UN MP responds to criticism over Ukraine conflict: Amina Mohammed

Russia is one of five nations that hold veto power in the UN Security Council.

Carlos Allegri | Reuters

The UN deputy secretary-general told CNBC that there will be “lessons to be learned” from the war in Ukraine.

Speaking on Wednesday after the release of the UN’s ‘Financing for Sustainable Development Report 2022’“, Amina Mohammed said the Russian-Ukrainian crisis had been “a big shock to the system”.

When asked if the world could have done more to stop the war before it started, Mohammed replied that “hindsight is a 20-20 view”.

“Of course, there are things we could have done to stop the war, but maybe those lessons will be learned again, when the Security Council, the leaders of the General Assembly look back and say, ‘what could we have done, and make sure we prevent the next war, the next pandemic’. These are all things we learn. I think history tells us we’re not very good learners at it,” she said.

“I think it was so unimaginable, unexpected, that we would have this kind of war in Europe, you know, 75 years later, I think it was a big shock to the system. So hopefully the lessons will be finding ways to make ourselves more accountable to put in place the checks and balances so that this never happens again and that we work towards peace.”

Mohammed, who was previously Nigeria’s environment minister, also chairs the Global Crisis Response Group on Food, Energy and Finance, set up by UN Secretary-General António Guterres to examine the broader impact of the war in Ukraine on the “world’s most vulnerable populations”. .”

Trip to Moscow

Guterres traveled to Moscow this week to meet President Vladimir Putin for the first time since Russia invaded Ukraine. He also met Ukrainian President Volodymyr Zelenskyy on Thursday in Kyiv. Russia is one of five nations that hold veto power in the UN Security Council.

Guterres agreed with Putin on an escape route from the beleaguered city of Mariupol, but his trip came amid criticism that the UN Security Council failed to play only a limited role during the Russian-Ukrainian crisis.

Indeed, Zelenskyy called for reform in an impassioned speech to the Council in April. Mohammed said this was an issue that member states of the Security Council had “been grappling with for a very long time”.

“And I think they will continue to address that, and there will be conversations and resolutions that will be offered to see how we can do better than what we have been able to do and put in place the checks and balances to protect the [U.N.] Charter. This is the most important thing. The Charter that promises the people that we will never see war again, as we did in World War II,” she said.

Mohammed became UN Under-Secretary-General in 2017 and was reappointed in January 2022.

When asked how relevant she thinks an organization like the United Nations is to today’s world, she said she understands the outward frustration with her.

“If we didn’t have the UN today, we would have to recreate it tomorrow. It’s the global town hall of our global village. We are so interconnected today that that won’t change,” she said. declared.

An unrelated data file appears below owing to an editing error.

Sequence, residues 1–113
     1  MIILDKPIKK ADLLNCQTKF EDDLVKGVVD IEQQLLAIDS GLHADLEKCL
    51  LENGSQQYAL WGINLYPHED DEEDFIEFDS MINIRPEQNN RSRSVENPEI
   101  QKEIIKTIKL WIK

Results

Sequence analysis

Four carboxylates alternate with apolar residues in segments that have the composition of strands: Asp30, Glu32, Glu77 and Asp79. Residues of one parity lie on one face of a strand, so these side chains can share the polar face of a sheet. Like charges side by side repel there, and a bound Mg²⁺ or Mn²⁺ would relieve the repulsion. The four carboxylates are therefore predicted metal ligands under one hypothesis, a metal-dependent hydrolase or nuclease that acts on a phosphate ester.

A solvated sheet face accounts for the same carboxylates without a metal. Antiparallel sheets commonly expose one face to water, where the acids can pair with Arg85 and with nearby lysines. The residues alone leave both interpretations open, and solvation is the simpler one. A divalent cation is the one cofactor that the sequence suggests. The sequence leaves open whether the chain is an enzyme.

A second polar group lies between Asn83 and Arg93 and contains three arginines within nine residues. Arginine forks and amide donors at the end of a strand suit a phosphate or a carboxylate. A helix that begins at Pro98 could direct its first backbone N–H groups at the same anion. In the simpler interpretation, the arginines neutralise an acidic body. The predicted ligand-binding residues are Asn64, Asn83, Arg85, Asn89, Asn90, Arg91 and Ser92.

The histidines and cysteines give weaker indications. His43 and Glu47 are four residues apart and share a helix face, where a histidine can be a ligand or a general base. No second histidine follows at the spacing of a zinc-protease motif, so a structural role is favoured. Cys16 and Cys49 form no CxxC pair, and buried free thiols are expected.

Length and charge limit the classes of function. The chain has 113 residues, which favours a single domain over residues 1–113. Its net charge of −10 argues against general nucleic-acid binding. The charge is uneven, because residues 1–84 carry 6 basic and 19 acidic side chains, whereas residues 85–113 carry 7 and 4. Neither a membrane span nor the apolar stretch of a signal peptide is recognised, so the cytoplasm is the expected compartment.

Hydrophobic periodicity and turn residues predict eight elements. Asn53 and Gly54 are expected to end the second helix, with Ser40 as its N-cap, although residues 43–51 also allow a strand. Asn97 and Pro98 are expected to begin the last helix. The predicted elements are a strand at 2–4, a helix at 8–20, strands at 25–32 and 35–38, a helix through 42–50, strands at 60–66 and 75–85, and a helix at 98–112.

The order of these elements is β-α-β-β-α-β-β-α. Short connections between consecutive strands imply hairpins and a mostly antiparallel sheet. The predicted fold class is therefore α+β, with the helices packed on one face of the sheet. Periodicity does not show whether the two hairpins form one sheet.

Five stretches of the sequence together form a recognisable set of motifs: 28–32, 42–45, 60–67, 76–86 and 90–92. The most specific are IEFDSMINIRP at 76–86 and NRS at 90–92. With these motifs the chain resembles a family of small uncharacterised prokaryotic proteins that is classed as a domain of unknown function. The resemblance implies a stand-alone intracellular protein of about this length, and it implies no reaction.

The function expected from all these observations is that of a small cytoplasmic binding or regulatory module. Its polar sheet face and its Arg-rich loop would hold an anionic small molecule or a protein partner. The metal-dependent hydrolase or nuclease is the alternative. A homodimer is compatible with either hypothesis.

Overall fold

“And we need a space where we can come and we can talk about issues, about human rights, about our development, about our conflicts, and you know, some days we’ll have a voice that’s loud and some days it’s not very strong. Some days we will move, others not, but the most vulnerable countries need this space.”

“Great Financial Divide”

Mohammed, who is also the chair of the United Nations Sustainable Development Group, recently presented the “2022 Report on Financing for Sustainable Development” a joint effort of the Inter-Agency Task Force on Financing for Development, which includes more than sixty UN agencies and international organizations.

The report highlights a post-pandemic ‘great financial divide’, with poorer countries unable to raise enough funds or affordably borrow to invest, leaving them unable to invest in sustainable development or respond to crises.

“We are facing a kind of multitude of crises, the climate, the pandemic and now the war in Ukraine, and the funding for this really just comes to demonstrate how the recommendations over the years are even more necessary today. And you I will see that some of these recommendations speak to the framing around the financial divide that we see in the world today,” Mohammed said.

“A lot of the recommendations relate to access to finance, better tax systems, tackling illicit financial flows, but also raising awareness of mounting debt and worsening crises. “

Mohammed originally joined the UN in 2012 as a special adviser to former Secretary General Ban Ki-moon and led the process of setting the 2030 Agenda for Sustainable Development and the creation of the Sustainable Development Goals.

She said she was “extremely worried” about the current global financial situation and that “there is not enough recognition that the urgency and scale of investment that needs to happen at this time is expected to happen. produce”.

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